This section of water has generally put out some big fish. Yet sections of river water will cycle through the years. For a few years they’ll put out big ones and then the fish will diminish in size for a few year only to put out some monsters once again.
It’s always good to see those smaller fish which means lots of great fly fishing action for years to come!
I wrote The Top Ten Smallmouth Flies – How to Tie and Fish Them in 2010. This eBook has sold quite well through the years and I am proud of it. But it’s time to revise this guide, based on another five years of intense smallmouth fishing. New revised edition available March 2015.
What have we learned in the last five years?
The biggest innovation, which may not be new to all readers, is the emergence of large foam hoppers added to the arsenal of smallmouth fly fishing. Yes, I know hoppers have been used for years for trout and bass and are a staple for trout, just about anywhere, especially in summer and early fall.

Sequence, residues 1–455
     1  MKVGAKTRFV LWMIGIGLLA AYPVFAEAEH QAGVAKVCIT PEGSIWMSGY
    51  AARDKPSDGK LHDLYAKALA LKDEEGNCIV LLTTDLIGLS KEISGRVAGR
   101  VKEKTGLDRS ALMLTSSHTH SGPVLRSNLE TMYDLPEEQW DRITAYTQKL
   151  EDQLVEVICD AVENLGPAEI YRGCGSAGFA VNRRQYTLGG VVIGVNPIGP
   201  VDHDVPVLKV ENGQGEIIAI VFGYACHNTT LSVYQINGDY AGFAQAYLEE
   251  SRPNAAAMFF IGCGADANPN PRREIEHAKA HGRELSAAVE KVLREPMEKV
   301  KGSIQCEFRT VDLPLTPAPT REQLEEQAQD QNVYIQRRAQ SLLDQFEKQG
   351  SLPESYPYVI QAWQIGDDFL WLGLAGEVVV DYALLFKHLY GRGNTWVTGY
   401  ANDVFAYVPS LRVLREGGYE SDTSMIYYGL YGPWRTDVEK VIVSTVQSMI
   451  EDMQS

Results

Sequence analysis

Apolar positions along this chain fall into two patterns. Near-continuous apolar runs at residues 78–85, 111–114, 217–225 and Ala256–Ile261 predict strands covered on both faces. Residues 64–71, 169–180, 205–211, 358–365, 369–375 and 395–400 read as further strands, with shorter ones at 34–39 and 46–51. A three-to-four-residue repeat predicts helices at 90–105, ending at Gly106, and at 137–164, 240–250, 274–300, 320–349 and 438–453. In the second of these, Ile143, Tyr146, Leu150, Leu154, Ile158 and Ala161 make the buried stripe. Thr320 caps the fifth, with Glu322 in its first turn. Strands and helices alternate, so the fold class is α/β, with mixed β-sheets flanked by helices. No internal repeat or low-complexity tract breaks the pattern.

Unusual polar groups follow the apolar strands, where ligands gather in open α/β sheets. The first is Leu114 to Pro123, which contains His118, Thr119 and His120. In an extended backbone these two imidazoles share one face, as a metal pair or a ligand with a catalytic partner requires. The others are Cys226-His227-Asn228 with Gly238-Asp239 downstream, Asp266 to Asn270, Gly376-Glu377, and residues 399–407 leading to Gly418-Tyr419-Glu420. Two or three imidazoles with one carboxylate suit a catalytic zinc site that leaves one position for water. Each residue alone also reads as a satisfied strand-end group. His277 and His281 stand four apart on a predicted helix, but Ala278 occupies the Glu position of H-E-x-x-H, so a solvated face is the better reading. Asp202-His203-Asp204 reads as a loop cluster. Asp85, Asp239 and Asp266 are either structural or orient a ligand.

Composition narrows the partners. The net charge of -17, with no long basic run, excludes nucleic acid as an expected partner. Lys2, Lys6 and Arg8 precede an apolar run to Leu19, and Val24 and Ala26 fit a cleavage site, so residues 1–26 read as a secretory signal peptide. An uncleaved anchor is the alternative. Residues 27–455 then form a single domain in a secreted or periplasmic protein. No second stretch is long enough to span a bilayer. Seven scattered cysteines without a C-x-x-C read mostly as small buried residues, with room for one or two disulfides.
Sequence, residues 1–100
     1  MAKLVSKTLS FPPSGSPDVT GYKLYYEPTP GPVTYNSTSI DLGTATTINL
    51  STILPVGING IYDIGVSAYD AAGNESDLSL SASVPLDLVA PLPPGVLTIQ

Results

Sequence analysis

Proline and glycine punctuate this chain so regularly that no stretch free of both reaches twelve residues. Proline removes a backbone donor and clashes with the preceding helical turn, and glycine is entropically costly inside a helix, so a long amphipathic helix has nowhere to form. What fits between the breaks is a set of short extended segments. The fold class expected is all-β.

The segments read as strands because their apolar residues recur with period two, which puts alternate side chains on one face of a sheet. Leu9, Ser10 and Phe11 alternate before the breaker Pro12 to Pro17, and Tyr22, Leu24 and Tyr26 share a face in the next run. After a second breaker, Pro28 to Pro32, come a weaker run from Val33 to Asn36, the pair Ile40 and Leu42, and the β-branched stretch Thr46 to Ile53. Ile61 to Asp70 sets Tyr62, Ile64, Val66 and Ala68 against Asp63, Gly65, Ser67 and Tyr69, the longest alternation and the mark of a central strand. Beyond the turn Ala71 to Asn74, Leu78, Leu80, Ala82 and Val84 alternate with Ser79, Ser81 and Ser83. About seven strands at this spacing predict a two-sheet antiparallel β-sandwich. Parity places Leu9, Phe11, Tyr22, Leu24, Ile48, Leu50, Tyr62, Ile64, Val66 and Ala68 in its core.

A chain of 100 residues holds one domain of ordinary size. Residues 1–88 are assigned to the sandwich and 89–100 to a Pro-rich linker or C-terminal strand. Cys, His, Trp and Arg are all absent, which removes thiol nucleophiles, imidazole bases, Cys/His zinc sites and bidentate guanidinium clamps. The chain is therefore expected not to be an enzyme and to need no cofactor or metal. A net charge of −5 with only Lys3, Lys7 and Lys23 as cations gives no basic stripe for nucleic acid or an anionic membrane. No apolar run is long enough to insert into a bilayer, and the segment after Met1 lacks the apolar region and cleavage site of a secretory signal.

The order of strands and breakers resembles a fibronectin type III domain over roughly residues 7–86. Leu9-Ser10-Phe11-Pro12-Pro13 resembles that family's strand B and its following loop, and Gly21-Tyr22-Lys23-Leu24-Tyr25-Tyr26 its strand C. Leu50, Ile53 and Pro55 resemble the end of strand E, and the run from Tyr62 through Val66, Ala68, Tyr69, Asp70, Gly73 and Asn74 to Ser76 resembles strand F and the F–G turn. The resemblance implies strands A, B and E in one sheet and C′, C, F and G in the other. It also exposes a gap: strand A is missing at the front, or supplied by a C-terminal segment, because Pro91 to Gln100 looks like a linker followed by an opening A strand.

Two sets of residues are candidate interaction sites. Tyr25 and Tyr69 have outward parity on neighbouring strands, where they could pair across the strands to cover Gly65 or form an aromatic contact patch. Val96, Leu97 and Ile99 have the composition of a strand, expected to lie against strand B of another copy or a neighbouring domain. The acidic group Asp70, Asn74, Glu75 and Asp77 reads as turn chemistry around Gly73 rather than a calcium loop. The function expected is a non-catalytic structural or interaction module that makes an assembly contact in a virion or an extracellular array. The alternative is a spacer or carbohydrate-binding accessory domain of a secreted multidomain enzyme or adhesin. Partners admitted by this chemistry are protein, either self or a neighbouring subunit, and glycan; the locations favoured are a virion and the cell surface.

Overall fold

Here is the key lesson we’ve learned in the last few years:
- Smallmouth love hoppers anytime of year, not just summer.
- Foam patterns are much better to use as they don’t water-log.
- River smallmouth will take hoppers when they will not hit a popper.
- Bass will both sip and smash a hopper pattern.
- Hopper patterns can be dead drifted, slightly twitched, or slid along the surface.
Hoppers were not part of the original book, but are now. In the last five years we’ve caught hundreds of bass on several hopper patterns, with the most versatile and successful being the Hopper Popper.
In the original Top Ten eBook, we had several streamers positioned in order of selection when working your way through you fly box. We fish streamers a lot for smallmouth, probably about 70% of the time, for the same reasons we fish trout underwater with nymphs and streamers – that’s where the fish spend the majority of their time feeding.